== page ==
markets. Clusters in the vast majority of cases are not ‘created’, rather they emerge. Modern cluster
policies aim to put in place a favourable business ecosystem for innovation and entrepreneurship in
which new players can emerge and thus support the development of new industrial value chains and
emerging industries. These initiatives can and do have regional impact, and DBEI therefore welcomes
the strong support for this approach in the draft RSES.

Noting the important role of the Regional Skills Fora, the strategy should address the skills needs across
the regions, in order to develop employment and investment opportunities. The RSES should also
emphasise how critical access to higher-level education, apprenticeship programs, training and life-long

learning is for exploiting opportunities across the region. The availability of skills to industry and
employers is a key challenge for companies.

Embedding Regional Ambition in the Work of DBEI and the
Enterprise Development Agencies
Enterprise Ireland’s (EI) Corporate Strategy “Build Scale Expand Reach 2017 – 2020” places the regions
at the core of its strategy. The strategy sets ambitious targets to sustain 200,000 existing jobs and to
create 60,000 new jobs nationally by 2020. Economic development is based on a focus of continuous
innovation; competitiveness and diversification. Enterprise Ireland has a regional structure and
approach, which strengthens the alignment of its regional activities with achievement of the agency’s
overall strategic targets. The regional strategy is underpinned by specific plans to grow, sustain and
future-proof jobs in each of the nine Enterprise Ireland regions. These plans will actively take account
of the objectives and ambition set out for each regional area in the final RSES.

Initiatives developed under the EI Regional Plan can contribute substantially towards objectives set out
in the draft RSES. Some of these include:

  •   Resilience & Productivity: The objective is to drive ambition, leadership and capability within the
      EI regional client base to: (i) enhance productivity, and (ii) grow, sustain & futureproof jobs and
      to expand reach.
  •   Co-working & Second Sites: The objective is to (i) balance regional development in rural and
      urban locations, (ii)maximise the EI investment in regional infrastructure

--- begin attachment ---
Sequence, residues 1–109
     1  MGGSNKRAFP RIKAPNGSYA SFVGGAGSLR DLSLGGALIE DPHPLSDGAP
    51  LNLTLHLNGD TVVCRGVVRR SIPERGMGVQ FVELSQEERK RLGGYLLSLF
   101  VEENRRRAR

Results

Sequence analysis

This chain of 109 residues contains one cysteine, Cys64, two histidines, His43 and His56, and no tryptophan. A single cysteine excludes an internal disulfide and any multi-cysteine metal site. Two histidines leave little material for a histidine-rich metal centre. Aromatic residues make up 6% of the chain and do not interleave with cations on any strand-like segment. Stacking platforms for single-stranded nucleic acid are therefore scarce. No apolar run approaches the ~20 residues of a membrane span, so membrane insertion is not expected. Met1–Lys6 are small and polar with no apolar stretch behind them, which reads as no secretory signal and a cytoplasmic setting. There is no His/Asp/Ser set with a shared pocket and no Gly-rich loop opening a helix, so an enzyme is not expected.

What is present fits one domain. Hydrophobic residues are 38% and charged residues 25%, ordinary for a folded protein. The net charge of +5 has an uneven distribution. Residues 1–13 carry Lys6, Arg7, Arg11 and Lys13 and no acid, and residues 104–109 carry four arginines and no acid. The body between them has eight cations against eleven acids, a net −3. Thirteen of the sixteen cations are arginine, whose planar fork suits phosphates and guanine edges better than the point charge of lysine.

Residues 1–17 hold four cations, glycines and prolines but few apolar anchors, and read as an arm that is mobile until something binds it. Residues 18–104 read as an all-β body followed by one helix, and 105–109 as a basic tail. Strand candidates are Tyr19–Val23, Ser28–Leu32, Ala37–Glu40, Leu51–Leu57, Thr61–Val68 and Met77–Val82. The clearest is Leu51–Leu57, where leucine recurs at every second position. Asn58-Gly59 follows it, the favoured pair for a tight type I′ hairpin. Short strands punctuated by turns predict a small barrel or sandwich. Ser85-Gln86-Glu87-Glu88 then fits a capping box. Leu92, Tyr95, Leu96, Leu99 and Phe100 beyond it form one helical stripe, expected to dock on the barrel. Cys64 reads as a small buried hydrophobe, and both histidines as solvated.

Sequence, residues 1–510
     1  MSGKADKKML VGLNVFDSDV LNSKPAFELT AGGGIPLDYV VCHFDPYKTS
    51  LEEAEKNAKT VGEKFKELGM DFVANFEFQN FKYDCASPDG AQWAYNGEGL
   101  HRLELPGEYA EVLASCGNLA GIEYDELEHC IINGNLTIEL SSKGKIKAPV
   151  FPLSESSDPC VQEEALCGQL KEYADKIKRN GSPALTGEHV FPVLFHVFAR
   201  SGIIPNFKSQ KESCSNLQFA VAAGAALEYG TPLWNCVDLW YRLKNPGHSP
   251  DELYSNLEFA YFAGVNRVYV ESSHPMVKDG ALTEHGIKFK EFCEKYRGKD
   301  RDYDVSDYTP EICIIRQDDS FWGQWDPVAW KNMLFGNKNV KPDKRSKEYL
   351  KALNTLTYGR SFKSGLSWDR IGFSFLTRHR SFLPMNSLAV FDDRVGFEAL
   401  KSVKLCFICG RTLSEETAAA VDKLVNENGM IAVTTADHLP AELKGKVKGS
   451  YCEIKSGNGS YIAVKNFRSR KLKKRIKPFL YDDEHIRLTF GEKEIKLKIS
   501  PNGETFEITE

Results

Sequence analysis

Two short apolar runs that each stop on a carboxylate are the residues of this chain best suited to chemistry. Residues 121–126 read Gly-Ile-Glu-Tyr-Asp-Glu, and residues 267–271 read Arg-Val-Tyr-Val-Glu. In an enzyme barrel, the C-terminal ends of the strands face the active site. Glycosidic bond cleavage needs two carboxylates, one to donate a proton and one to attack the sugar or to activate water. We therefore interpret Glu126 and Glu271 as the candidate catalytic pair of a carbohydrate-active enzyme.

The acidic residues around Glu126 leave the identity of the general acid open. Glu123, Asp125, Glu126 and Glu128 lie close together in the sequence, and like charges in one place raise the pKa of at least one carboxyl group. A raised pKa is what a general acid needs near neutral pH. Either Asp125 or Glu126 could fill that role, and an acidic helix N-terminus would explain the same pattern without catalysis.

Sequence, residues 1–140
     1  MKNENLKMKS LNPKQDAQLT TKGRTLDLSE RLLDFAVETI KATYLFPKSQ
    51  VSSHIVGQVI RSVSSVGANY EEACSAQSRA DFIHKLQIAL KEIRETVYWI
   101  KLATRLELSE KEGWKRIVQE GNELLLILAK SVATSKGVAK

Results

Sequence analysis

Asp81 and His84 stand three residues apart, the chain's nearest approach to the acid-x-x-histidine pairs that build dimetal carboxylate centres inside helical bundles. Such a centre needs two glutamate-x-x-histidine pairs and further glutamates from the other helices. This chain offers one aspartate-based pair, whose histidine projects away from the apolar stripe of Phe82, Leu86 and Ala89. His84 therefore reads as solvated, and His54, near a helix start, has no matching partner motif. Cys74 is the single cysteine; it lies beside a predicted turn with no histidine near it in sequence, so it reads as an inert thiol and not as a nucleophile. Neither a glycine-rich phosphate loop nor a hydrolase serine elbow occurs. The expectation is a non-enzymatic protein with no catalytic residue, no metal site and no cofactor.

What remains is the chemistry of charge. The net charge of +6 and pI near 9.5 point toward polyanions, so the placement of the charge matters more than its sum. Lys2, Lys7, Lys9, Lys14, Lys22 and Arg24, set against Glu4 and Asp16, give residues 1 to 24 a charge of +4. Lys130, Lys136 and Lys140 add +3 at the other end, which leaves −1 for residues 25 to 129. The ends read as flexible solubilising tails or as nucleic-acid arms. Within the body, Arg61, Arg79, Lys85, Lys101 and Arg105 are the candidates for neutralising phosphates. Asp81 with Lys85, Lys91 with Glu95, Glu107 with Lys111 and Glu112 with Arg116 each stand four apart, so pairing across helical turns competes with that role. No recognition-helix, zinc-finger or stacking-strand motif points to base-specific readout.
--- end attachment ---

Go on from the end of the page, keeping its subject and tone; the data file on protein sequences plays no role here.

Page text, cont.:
•   Food FDI: This objective is to maximise Enterprise Ireland's role in attracting overseas food
      companies to locate in Ireland. There is huge potential for such projects throughout Ireland.
  •   Cities, Urban Drivers & Connectivity: The objective is to drive balanced economic growth and
      scale in priority regional locations.

IDA Ireland is tasked with attracting foreign, export-focussed businesses to invest and create
employment in Ireland. The agency places a significant emphasis on securing investments for regional
locations under its current strategy, ‘Winning: Foreign Direct Investment 2015 – 2019’. Over the course
of 2019, IDA Ireland will be developing a new five-year strategy. This strategy will take account of the
changing nature of work and the impact of technology on specific sectors.

Profound changes are occurring in the world of work and this is already reflected in the jobs being
created by the IDA Ireland client base. IDA Ireland see an increasing complexity in the roles being
created, technology skills becoming ubiquitous across roles, increasing demand for business
professionals and a fall in the number of low-skilled jobs including back office support and basic
manufacturing. This transition is likely to impact the nature and type of roles across the regions of
Ireland. An assessment of investments delivered for regions since 2015 would confirm the strategic
importance of a number of key criteria in actually influencing the investment decision. These include a
critical mass of population, the ability to attract and develop appropriate skills, the presence of third
level institutes, connectivity infrastructure and regional place-making strategies. The opportunities
presented by attractive regional locations, and the ambitions of each region in creating quality living
and working environments, therefore continue to play an important role in IDA’s strategy.

The Local Enterprise Offices (LEOs), working in coordination with Enterprise Ireland, play an important
role in regional entrepreneurship and supporting the enterprise eco-system. The LEOs in every county
are a ‘first-stop-shop’ for providing advice and guidance, financial assistance and other supports to
those wishing to start or grow their own businesses. The LEOs provide a ‘signposting’ service in relation
to relevant State supports and can also offer advice and guidance in areas such as Local Authority rates,